Cahors 421st national, 4462 birds
Montauban 1st national, 3058 birds

Loft record
A few of the most fantastic successes
1964 Barcelona International (1,000km / 620 miles) 4,000 birds, 16 basketed; 11 prizes: 24, 41, 47, 54, 62, 95, 171, 239, 250, 712, 896th.
1967 Barcelona International 4,876 birds, 29 basketed, 16 prizes: 30, 36, 50, 56, 153, 171, 185, 239, 278, 307, 316, 540, 547, 639, 677, 720th
1970 Barcelona International 6,851 birds, 17 basketed, 11 prizes: 22, 40, 48, 202, 266, 343, 500, 845, 1,113, 1,187 and 1234th.
1972 Barcelona International, 7,293 birds, 42 basketed, 23 prizes: 33, 39, 44, 48, 52, 124, 260, 270, 302, 421, 425, 449, 546, 698, 711, 724, 851, 999, 1,004, 1,081, 1,182, 1,327, 1,809th.
1973 Barcelona International 8,515 birds, 52 basketed, 31 prizes: 22, 26, 35, 49, 70, 75, 96, 180, 182, 184, 239, 288, 289, 296, 446, 451, 524, 545, 655, 667, 686, 770, 774, 857, 957, 1004, 1062, 1323, 1370, 1424, 1456th.
Hens: 4, 8, 16, 34, 66, 108, 142, 148th.
1977 Brive National, 6,137 birds, 79 basketed, 38 prizes, 20 in first 500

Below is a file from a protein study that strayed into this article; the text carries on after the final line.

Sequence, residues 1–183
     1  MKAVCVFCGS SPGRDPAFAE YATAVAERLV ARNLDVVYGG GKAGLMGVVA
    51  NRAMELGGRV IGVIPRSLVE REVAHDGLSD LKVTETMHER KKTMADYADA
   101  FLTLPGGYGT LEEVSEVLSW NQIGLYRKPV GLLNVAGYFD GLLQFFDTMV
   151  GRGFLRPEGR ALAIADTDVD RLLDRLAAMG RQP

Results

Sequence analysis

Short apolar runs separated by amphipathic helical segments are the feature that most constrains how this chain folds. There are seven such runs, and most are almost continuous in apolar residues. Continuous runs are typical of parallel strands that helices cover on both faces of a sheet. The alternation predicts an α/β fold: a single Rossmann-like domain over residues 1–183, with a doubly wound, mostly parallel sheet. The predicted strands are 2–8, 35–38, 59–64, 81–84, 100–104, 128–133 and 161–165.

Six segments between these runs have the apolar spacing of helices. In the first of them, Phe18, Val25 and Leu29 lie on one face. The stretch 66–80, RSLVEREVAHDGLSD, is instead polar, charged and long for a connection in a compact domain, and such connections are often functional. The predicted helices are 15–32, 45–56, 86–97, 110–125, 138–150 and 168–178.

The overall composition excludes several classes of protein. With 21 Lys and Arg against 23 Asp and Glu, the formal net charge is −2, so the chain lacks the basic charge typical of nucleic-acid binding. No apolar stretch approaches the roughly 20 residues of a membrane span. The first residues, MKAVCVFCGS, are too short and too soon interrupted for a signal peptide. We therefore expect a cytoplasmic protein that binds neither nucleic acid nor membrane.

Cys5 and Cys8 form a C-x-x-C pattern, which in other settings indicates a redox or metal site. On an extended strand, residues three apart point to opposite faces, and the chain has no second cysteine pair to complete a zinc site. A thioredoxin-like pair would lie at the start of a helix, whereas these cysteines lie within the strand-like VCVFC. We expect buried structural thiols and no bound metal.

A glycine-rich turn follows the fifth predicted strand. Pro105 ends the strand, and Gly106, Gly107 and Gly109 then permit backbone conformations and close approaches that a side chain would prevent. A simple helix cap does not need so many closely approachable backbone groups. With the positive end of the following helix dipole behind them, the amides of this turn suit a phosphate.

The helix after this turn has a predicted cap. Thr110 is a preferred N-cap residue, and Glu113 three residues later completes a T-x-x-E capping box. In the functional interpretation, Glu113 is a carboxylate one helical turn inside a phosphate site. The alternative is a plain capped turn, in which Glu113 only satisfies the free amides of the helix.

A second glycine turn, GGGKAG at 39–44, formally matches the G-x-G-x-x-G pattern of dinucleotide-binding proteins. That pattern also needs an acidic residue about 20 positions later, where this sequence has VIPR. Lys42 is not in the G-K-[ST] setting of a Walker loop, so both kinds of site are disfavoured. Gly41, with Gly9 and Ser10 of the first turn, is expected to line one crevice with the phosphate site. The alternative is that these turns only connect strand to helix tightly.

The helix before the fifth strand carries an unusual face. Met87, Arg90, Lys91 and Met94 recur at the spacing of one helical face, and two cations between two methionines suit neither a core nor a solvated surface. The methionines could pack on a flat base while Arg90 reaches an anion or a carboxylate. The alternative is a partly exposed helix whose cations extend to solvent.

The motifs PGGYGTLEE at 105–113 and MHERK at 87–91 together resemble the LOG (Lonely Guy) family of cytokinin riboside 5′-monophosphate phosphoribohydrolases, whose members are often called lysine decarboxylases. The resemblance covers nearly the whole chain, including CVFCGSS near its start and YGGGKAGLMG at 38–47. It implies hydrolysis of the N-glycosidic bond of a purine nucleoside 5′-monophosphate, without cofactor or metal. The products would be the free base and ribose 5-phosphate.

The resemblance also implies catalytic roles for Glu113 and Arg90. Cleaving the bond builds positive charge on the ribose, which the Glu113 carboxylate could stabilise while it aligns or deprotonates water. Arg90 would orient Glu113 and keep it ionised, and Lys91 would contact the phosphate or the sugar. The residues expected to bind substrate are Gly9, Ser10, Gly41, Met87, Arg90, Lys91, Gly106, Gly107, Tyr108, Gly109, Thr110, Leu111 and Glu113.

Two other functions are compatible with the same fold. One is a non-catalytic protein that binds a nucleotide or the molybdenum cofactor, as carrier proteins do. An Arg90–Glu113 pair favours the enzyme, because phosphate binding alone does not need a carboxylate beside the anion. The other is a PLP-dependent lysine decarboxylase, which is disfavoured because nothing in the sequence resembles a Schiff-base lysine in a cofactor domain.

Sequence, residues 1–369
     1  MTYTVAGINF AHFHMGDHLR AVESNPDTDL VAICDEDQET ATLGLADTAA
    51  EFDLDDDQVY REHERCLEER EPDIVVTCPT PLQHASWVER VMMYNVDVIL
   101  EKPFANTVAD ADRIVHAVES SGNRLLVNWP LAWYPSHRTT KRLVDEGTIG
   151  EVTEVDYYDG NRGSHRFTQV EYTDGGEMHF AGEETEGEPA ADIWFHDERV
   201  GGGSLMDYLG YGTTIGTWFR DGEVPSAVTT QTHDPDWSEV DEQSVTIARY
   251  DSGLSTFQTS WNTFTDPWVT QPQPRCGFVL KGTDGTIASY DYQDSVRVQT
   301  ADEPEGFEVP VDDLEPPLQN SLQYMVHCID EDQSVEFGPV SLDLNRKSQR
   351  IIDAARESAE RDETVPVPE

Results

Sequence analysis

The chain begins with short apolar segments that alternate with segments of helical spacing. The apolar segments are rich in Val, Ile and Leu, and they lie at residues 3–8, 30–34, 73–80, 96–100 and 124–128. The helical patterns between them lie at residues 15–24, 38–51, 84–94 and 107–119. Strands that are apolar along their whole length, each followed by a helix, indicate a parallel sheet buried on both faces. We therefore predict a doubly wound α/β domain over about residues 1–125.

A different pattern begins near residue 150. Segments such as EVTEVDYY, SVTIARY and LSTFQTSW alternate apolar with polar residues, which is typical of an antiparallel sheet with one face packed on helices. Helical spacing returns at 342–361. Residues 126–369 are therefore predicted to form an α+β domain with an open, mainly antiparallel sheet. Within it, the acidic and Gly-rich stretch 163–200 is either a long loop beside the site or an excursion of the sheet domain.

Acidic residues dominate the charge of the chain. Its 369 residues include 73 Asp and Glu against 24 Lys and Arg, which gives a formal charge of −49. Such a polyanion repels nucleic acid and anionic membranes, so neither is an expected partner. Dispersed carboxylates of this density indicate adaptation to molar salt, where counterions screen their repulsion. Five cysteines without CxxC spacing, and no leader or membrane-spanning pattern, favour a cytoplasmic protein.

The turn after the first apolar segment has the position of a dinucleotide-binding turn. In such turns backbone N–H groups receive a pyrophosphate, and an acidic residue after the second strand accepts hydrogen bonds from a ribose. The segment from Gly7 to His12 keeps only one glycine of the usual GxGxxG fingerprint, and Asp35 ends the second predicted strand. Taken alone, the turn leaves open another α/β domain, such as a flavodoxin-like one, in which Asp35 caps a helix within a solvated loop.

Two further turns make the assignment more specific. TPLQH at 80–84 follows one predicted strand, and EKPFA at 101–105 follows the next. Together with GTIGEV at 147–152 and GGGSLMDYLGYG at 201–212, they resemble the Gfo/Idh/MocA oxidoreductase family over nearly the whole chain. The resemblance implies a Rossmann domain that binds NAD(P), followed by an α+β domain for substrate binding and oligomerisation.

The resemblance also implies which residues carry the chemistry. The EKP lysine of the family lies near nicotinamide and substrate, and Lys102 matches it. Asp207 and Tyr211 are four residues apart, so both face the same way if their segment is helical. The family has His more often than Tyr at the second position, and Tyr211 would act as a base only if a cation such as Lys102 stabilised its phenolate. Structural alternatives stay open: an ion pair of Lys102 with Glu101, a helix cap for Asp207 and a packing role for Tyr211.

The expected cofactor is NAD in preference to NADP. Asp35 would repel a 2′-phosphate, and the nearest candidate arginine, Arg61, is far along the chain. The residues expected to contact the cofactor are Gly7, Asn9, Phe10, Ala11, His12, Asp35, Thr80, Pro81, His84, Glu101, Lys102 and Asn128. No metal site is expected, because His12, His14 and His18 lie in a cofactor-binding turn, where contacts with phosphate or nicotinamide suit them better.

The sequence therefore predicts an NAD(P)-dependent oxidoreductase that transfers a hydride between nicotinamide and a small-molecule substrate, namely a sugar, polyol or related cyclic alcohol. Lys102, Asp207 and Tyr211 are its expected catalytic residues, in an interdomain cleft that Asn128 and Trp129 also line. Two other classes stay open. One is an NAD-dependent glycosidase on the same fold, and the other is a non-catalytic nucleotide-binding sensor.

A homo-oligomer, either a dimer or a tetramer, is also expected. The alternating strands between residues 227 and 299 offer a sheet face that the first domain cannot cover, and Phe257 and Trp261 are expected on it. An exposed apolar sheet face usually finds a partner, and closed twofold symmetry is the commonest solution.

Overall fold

2,7, 13, 19, 37, 40, 59, 61, 75, 87, 175, 179, 183, 216, 224, 302, 328, 399, 454, 488, 508, 604th, etc.
Hen category, 463 hens, 35 basketed: 20 prizes, 1, 2, 3, 4, 7, 8,
9, 10th, etc.
1980 Bourges National 9,113 birds, 48 basketed: 24 prizes, 13, 16, 67, 71, 160, 274, 346, 389, 401, 428, 447th, etc.
Brive National, 7,770 birds, 52 basketed, 26 prizes: 2nd (2nd nomi
nated) 6, 32nd (iste nominated), 133, 155 (3rd nominated), 214, 325, 347, 360, 419, 463rd, etc.
Cahors National, 4,462 birds, 26 basketed, 15 prizes: 10th, 16, 69, 118, 249, 292, 421, 467th, etc.
Montauban National, 3,058 birds, 20 basketed, 10 prizes : 1st (1st nominated), 33, 58, 116 (2nd nominated, 379, 410th, etc.

The same lofts for over 20 years.
The widowhood lofts are panel covered brick, nestbird lofts (hens are flown to the nest) are of double eternit walls, also panelled and with a good insulation attached underneath except for the front that has a 50 cm (20 inch) wide opening that stays permanently open.